Every day in Greece ended up with chasing sunsets, and we were lucky enough to have pleasant weather throughout the entire trip (except for one morning in Athens). While Kacey and Daniel stayed behind at the AirBNB, Tie, Albert and I took a cab from Fira and got our drink on at Santo Winery. With an almost entirely unobstructed view of the caldera, it is one of the best places to catch a sunset.
When in Santorini, Oia, all the way in the northwest, is one of the best places to watch the sunset. We walked to the bus terminal in Fira to catch a ride to Oia for €1.60. After about half an hour, we arrived in the parking lot full of cars and ATVs from tourists and locals who drove. Actually, we had contemplated renting ATVs but didn’t have an international driving permit and didn’t want to risk getting arrested or fined. Plus, I had been reading stories about tourists being injured, especially along the cliffs. So we decided to err on the side of caution and paranoia.
As you might’ve already figured out by now, we love having Japanese omakase meals for birthday celebrations. Tie’s was no different. Having heard great things about Kura, we headed to St Marks that night with two friends. There’s a single table for a party of 4-6 people by the window, but every other seat was by the counter watching Chef Ishizuka carefully prepare each course. I loved how intimate the setting was and it felt like an authentic Japanese restaurant, from the minimalist noren outside to the wooden sake boxes inside. Although we made reservations weeks in advance, if you’re lucky you may be able to secure some walk-in seating as we’d seen some people do.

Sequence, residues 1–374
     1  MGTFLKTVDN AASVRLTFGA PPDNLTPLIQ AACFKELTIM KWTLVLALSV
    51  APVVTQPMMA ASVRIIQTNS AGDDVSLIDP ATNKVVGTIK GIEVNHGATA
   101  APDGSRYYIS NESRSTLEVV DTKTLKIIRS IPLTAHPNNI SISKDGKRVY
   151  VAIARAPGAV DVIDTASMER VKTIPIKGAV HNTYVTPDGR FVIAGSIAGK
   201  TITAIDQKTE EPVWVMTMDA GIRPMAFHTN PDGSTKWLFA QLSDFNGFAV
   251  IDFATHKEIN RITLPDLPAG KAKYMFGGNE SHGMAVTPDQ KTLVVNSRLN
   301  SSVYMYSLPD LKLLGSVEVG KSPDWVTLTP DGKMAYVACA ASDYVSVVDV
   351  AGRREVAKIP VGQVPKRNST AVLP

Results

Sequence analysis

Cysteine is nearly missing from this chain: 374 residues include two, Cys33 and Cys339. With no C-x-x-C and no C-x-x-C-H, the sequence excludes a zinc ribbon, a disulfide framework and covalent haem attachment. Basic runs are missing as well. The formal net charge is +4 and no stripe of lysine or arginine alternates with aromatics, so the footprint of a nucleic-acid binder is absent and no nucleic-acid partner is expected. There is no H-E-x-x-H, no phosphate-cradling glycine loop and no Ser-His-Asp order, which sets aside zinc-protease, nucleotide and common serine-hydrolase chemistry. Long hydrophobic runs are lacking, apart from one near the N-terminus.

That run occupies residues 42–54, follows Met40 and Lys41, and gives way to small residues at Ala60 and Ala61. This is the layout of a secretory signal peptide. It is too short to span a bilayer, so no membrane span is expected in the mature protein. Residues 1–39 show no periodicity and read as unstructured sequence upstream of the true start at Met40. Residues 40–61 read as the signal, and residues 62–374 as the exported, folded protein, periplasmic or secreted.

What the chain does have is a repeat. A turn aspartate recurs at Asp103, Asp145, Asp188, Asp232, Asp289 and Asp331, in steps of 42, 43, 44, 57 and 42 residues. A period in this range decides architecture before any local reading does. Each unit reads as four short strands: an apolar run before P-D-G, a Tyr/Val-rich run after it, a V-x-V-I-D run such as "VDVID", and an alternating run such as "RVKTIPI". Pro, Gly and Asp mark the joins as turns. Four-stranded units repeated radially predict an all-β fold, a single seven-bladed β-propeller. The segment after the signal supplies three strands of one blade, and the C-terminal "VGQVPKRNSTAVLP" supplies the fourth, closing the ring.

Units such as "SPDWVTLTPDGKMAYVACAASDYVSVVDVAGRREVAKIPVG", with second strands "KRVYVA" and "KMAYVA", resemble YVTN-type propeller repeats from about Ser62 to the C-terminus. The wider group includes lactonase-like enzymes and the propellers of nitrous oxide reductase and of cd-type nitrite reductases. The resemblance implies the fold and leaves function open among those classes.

Santorini is just as beautiful when viewed from atop the caldera and within the caldera itself. On our second day there, we decided on a whim to go on a yacht tour. Winnie had already booked the morning semi-private cruise with her friends and, without telling her, we booked the same one. It was about 135€ per person on Vista Yachting, which ended up being one of the best-valued activities we did during our entire trip. The company picked us up by our AirBNB and drove us to the port, where we were surprised that it was just going to be us and Winnie’s friends. Normally a private tour would be way more expensive (200€+), but we lucked out because no one else booked the same cruise!